Rollins Pond: loons, eagles and lots of stars

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Rollins Pond: loons, eagles and lots of stars

Adk Jeff
For a variety of reasons it's important to me that Floodwood, Follensby Clear and Rollins Pond are part of my kids' Adirondack vocabulary, so we've done a bit of camping and paddling up that way.  Our most recent trip was this past weekend.  

We broke in a new 6-person tent.  Nice having the extra head room.  The kids think it's cool for them to each have their own tent, so the four us actually sleep in 3 tents.  Ridiculous, but that's the luxury of canoe (or car) camping.



Also ridiculous is the flotilla we bring along.  The green and yellow SUP is an inflatable, so it packs down and goes in the car.  The rigid SUP and the canoe go on the roof.



I built the canoe almost 25 years ago ().  She's a bit banged up and could really stand a sanding and re-varnishing, but still has great lines:



Rollins is huge (400+ acres) and can get a bit rough when the breeze picks up (which it often does), but it was like glass Saturday afternoon.  Motorboats are allowed up to 25hp, but it's rare to see one.



That's Ampersand Mountain in the background ^^.  

Out for an evening paddle:



It ain't camping without a fire:



Great stargazing since it was a clear night with no moon.  Lots of loons calling at night and the next morning.  Daniel doing a little solo paddling Sunday morning:



Paddled / portaged over to Whey Pond Sunday morning.  Loons were swimming and diving all around us, but I somehow missed getting any decent photos.  I did however manage to grab a shot of this bald eagle:



I've seen lots of eagles out west and up in Alaska, but only a few in the Adirondacks.  It was cool to be able to paddle this close and watch him for a few minutes before he flew off.  Super psyched that Beth and the kids got to experience it too, probably the highlight of the weekend for the 4 of us.

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Re: Rollins Pond: loons, eagles and lots of stars

Brownski
Looks like a lot of fun. Don't be embarrassed by the flotilla. You can never have too many options

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Re: Rollins Pond: loons, eagles and lots of stars

Turd Ferguson
Thanks for posting the pictures, it brings back a lot of memories.  We went camping at Rollins Pond one or two times every year from when I started walking, to mid-teens.  Coincidentally, so did my wife, although we don't recall ever having crossed paths there.  Canoeing through the 'special waters' spot from Rollins Pond to Fish Creek was always the highlight.

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Re: Rollins Pond: loons, eagles and lots of stars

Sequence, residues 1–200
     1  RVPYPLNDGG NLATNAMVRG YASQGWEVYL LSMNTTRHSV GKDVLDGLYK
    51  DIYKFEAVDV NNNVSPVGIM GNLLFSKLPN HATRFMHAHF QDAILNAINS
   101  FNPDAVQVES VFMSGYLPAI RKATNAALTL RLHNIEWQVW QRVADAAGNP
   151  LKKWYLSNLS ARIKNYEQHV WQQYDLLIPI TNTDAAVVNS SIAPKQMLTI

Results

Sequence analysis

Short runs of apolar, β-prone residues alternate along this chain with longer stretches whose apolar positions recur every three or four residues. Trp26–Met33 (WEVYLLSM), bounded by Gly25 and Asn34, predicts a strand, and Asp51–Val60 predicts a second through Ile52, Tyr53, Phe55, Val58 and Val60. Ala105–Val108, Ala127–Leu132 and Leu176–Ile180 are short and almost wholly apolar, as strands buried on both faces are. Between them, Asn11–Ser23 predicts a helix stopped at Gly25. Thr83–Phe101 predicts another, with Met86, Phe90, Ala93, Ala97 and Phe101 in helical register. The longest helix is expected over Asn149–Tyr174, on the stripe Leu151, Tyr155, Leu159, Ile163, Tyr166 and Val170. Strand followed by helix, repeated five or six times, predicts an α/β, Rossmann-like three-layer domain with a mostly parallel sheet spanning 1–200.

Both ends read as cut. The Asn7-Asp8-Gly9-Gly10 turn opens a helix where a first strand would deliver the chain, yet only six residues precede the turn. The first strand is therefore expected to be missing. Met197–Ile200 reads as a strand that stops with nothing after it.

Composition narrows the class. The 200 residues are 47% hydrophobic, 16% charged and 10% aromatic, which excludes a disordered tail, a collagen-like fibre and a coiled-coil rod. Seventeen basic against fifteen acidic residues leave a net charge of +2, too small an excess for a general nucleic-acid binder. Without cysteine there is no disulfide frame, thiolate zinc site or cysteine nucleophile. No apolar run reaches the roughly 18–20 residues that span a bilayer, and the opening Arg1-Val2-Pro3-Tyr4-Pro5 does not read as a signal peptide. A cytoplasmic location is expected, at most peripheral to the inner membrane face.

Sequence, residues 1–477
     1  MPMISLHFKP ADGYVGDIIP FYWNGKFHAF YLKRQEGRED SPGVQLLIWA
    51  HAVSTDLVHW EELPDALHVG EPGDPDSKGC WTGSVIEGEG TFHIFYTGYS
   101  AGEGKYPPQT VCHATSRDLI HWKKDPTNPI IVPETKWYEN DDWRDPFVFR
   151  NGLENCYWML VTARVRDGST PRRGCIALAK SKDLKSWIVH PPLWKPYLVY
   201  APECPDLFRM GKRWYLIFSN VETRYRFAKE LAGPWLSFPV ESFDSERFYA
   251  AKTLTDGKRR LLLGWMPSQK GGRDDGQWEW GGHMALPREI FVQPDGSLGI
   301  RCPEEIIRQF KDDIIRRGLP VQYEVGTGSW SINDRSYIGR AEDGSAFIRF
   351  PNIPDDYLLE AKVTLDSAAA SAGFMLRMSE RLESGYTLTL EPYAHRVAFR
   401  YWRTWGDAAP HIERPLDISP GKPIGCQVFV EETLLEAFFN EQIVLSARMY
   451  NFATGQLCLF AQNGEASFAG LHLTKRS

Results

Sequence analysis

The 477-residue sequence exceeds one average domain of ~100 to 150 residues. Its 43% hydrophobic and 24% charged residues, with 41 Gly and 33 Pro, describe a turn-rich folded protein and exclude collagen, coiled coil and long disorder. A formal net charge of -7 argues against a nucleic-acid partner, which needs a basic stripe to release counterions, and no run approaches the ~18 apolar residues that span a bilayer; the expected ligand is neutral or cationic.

Hoser
In reply to this post by Brownski
Very cool report and looks like a great time. I need to explore that area of the park more.  Starting to see more eagles, beginning about 3 or 4 years ago, around the Piseco area while paddling, as well as multiple places on the West Canada here in the SW corner of the park.  Even one sitting on the Hinkley Dam every so often.  3 or 4 in that area of the reservoir, in the trees.

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Re: Rollins Pond: loons, eagles and lots of stars

warp daddy
Nice photo essay , we too are seeing eagles along the St Lawrence , but our new big residents are the ospreys which are now coming back to the region . Their huge nests sit on telephone poles near the River . Beautiful creature supposedly mates for life . We see them from the Clayton to Massena Stretch of river  about an 80 mile range .

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Re: Rollins Pond: loons, eagles and lots of stars

tjf1967
Good Dad!!

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Re: Rollins Pond: loons, eagles and lots of stars

Brownski
In reply to this post by warp daddy
I can attest that both bald eagles and Ospreys have made a big comeback in the Hudson valley too. A lot more komorants around then in the past as well

sig
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Re: Rollins Pond: loons, eagles and lots of stars

sig
i rent a camp on warner lake for the summer and two eagles regularly fly by.  three years ago i had never seen one in the wild. beautiful to watch.

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Re: Rollins Pond: loons, eagles and lots of stars

Adk Jeff
Where's Warner Lake siggy?

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Re: Rollins Pond: loons, eagles and lots of stars

Snowballs
Banned
In reply to this post by Brownski
Brownski wrote
. A lot more komorants around then in the past as well
Whoa. Where are you seeing komorants at ? I know lake Champlain has a rather large komorant problem. They'd like to see that population reduced by approx 75%. I  believe they're considered anuisanse species there as they can clean out the fish population faster than a chinese trawler.

I spent last Tuesday on lake george volunteering for the asian clam survey. I went around checking for clams with the Fund for Lake George and garnered some info in the process.

Champlain has 50!  invasive species. 50 ! OMG !!! Lake george has 5. It's so crucial to clean your boat canoe kayak and paddles etc !!!

Consider this....... Lake Tahoe spends $1,000,000.00 per year just to treat one invasive ( asian clams ) in one bay !  That's one species  in just one spot ! It's not hard to imagine these invasives completely overwhelming/ruining an ecosystem.

We saw an eagle and another very usual bird in the air. What appeared to be a C130 flew down the lake valley at an altitude lower than the mtn tops

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